Memo From Hong Kong: People Are Talking About
All eyes are currently on the highly anticipated West Kowloon Cultural District Authority (WKCDA) project, which hopes to establish a new cultural quarter in Hong Kong. The site is located on a dramatic harbour in the heart of the city and stretches across 100 acres of reclaimed land, making it one of the largest cultural projects in the world. The first batch of facilities will open to the public between 2015 and 2017 and include the Xiqu Centre designed by Bing Thom Architects and Ronald Lu & Partners; the M+ (museum) by Herzog & de Meuron, TFP Farrells and Arup; and an Arts Pavilion by VPANG Architects, JET Architecture and Lisa Cheung. In preparation, WKCDA has been hosting a variety of small-scale events and competitions, including the West Kowloon Bamboo Theatre 2014 and NEONSIGNS.HK.
Another initiative generating buzz is The Central Police Station Revitalisation Project, a partnership between the Hong Kong SAR Government and the Hong Kong Jockey Club Charities Trust. Designed by Herzog & de Meuron with Arup, and due for completion in 2015, the aim of this project is to transform one of the largest remaining clusters of historically significant buildings in the city—Central Police Station, Central Magistracy and Victoria Prison—into a so-called “center for heritage, contemporary art and leisure.” Rumor has it that the Hong Kong Jockey Club will finalize its cultural program this fall.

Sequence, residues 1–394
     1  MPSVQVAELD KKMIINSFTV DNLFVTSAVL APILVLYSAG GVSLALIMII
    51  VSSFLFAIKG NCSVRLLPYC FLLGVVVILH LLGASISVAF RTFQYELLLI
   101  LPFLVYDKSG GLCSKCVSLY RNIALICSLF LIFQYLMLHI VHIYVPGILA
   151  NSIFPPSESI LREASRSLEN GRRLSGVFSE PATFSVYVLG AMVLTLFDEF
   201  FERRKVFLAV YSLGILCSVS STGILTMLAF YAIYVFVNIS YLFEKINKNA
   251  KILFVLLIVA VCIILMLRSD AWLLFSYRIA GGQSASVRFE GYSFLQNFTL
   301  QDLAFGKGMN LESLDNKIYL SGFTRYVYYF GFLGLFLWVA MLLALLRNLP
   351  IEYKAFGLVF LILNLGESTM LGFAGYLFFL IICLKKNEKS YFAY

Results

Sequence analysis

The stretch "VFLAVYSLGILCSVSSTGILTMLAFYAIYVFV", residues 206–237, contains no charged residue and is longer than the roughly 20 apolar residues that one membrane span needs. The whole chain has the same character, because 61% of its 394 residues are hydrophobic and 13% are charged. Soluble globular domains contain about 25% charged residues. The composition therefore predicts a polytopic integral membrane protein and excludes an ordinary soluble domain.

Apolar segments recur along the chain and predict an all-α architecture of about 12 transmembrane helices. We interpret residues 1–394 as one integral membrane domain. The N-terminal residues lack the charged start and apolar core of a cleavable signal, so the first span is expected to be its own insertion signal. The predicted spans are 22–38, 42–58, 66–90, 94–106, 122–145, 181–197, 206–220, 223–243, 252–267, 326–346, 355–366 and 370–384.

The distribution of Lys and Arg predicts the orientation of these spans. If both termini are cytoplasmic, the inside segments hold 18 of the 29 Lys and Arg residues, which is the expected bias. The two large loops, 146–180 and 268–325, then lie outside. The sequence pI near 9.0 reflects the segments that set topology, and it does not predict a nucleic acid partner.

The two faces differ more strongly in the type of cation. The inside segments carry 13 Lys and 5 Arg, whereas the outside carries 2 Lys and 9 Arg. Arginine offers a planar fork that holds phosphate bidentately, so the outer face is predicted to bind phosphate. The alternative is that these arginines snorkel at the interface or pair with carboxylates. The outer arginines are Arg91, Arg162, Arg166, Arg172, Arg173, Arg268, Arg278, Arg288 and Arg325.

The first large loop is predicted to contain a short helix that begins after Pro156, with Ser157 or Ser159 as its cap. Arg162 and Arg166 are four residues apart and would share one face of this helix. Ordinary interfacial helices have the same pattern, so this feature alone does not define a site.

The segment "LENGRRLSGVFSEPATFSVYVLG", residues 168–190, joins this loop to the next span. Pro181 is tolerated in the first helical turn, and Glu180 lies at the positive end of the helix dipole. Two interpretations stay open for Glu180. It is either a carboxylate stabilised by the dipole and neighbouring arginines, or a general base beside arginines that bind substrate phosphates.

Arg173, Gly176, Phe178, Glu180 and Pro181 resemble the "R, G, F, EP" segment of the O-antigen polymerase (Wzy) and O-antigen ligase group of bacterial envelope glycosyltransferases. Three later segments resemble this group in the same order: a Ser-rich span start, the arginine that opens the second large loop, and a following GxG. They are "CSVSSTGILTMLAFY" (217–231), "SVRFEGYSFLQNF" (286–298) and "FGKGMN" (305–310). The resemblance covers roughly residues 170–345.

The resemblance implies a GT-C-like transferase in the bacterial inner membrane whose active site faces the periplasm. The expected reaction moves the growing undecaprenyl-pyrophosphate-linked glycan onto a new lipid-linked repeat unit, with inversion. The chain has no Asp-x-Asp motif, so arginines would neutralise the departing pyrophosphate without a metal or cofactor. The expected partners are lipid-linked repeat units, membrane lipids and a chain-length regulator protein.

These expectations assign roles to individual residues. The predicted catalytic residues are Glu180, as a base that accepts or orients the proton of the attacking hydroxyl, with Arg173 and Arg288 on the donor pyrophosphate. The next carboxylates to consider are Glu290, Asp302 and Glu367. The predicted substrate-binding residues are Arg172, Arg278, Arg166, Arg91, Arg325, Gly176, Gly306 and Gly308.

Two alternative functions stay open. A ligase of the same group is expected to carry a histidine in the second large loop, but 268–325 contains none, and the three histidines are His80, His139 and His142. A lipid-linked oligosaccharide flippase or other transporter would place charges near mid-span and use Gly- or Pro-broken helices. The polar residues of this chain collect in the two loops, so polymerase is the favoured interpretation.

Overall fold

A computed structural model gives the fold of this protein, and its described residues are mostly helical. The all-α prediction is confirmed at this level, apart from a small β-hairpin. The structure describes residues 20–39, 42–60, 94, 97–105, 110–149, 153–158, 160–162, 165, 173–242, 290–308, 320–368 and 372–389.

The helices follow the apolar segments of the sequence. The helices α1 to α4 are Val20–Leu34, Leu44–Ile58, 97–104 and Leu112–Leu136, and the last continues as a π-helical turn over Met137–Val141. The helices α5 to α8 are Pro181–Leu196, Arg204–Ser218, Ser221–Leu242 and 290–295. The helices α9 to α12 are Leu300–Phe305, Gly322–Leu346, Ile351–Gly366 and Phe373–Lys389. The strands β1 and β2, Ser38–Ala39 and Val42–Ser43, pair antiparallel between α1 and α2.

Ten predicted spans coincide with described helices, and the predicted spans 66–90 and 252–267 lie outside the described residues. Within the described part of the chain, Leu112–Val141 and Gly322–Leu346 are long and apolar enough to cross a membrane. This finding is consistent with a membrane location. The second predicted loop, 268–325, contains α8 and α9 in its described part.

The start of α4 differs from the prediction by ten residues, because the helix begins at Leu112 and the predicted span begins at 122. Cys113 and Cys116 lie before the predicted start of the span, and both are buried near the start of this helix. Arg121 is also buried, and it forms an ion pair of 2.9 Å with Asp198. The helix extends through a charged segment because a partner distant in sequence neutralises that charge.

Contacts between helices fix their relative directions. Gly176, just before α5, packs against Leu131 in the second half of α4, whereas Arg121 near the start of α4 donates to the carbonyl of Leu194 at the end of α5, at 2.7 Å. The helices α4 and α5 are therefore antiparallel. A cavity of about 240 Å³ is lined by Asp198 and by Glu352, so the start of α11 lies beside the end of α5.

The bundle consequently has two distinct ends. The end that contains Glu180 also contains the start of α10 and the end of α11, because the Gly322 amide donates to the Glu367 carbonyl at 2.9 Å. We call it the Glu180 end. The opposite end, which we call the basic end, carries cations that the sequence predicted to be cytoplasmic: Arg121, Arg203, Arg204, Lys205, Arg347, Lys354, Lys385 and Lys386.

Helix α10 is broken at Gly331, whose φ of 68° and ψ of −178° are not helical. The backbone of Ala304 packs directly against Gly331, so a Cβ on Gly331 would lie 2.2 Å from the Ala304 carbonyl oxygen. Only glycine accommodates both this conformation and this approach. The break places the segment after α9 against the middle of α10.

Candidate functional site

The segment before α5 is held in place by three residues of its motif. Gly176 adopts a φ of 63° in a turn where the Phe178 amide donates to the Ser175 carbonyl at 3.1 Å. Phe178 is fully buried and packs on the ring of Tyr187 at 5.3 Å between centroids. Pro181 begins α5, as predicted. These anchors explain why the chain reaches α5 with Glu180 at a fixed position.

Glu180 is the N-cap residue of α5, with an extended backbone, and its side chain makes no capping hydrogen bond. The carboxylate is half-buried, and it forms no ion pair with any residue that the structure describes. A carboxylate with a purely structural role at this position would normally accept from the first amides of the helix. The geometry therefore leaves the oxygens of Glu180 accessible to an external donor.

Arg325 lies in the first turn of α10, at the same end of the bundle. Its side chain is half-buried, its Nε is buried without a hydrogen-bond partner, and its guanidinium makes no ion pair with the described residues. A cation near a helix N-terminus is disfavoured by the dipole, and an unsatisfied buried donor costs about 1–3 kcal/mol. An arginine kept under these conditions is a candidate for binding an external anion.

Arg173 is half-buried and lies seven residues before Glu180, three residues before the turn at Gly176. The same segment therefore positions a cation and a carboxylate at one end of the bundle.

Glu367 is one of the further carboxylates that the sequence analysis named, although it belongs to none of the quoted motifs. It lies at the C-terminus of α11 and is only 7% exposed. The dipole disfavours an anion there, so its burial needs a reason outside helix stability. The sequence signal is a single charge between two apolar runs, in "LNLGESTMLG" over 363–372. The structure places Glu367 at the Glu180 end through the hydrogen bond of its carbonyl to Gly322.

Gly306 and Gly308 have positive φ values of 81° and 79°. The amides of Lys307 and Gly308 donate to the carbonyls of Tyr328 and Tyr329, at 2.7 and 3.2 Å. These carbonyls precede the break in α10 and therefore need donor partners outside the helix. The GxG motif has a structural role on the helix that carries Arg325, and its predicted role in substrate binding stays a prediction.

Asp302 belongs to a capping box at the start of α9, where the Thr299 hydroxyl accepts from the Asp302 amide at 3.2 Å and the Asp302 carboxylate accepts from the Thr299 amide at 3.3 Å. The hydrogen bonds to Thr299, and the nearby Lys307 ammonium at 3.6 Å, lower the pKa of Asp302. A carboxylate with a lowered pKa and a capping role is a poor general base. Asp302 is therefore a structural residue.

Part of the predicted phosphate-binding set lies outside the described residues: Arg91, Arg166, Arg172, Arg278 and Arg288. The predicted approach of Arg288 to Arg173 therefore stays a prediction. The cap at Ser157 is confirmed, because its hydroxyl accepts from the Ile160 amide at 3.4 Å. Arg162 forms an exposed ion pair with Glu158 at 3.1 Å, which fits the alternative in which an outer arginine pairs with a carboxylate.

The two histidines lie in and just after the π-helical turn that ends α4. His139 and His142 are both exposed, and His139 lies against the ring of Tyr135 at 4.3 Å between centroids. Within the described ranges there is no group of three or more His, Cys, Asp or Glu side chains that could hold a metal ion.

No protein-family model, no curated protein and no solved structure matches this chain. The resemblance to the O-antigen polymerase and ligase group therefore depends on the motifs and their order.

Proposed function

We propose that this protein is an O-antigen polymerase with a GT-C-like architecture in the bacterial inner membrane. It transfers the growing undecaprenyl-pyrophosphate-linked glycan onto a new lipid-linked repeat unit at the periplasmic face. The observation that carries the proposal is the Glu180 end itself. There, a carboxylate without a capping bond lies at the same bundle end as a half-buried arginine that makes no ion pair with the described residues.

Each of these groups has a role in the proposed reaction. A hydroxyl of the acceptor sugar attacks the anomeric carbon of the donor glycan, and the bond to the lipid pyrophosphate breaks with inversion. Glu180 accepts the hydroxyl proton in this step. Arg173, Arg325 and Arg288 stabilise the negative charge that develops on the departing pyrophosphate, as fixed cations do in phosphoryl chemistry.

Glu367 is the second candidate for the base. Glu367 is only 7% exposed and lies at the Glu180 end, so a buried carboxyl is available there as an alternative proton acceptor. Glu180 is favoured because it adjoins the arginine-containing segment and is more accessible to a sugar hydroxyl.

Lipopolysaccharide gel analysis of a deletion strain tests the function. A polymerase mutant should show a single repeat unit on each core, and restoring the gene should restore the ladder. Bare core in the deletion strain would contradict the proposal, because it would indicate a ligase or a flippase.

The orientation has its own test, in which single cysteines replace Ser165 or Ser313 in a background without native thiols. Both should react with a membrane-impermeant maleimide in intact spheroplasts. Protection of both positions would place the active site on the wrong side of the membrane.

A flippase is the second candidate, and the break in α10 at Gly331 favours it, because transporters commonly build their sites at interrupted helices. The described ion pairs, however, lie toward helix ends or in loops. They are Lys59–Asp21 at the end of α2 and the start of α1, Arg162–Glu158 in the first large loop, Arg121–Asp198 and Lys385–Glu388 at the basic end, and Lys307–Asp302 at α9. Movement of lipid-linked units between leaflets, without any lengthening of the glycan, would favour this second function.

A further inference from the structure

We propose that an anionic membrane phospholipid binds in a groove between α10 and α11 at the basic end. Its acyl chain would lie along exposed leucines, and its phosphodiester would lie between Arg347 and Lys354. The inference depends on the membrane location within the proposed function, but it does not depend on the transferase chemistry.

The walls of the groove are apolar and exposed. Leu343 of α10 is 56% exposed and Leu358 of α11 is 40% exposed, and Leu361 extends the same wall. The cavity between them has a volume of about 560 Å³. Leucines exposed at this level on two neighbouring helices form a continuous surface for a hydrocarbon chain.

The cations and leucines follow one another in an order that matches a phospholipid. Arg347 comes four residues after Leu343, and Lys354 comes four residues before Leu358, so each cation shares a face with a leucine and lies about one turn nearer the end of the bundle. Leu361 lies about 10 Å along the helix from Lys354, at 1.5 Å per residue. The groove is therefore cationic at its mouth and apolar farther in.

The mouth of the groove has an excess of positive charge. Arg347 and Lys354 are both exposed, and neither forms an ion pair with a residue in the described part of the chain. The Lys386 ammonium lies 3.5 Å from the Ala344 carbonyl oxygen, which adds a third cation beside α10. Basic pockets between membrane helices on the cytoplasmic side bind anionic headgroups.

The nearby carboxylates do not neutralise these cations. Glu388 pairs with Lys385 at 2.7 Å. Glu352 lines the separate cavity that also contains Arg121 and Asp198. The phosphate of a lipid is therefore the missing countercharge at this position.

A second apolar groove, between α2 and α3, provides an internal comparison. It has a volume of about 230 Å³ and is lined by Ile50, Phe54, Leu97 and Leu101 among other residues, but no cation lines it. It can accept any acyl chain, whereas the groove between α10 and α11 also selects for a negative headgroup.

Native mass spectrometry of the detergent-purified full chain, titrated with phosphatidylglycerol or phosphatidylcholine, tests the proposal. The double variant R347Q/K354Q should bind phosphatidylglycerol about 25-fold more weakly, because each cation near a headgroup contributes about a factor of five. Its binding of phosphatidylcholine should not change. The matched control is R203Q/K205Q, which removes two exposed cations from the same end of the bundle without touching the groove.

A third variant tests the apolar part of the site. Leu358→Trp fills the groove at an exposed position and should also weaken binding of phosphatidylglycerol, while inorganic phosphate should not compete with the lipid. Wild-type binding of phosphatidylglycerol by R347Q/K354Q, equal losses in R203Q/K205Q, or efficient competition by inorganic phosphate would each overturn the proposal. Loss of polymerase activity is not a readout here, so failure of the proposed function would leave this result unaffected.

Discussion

Local residents, on the other hand, are hoping to welcome much-needed housing projects to the city. Next year, London-based architectural practice Aedas will complete an apartment tower in Mongkok, one of the most densely populated places on the planet. The new building will maximize views via irregular protrusions, allegedly a modern reinterpretation of the illegal iron balconies that were common in the area during early post-war years.
Maximum visibility is also the concern of Rotterdam-based MVRDV‘s Cheung Fai building, a luxurious loft-style office complex slated to be unveiled at the Kwun Tong waterfront later this year. Everything but the primary concrete structure has been replaced with glass and stainless steel infill, completely exposing its infrastructure.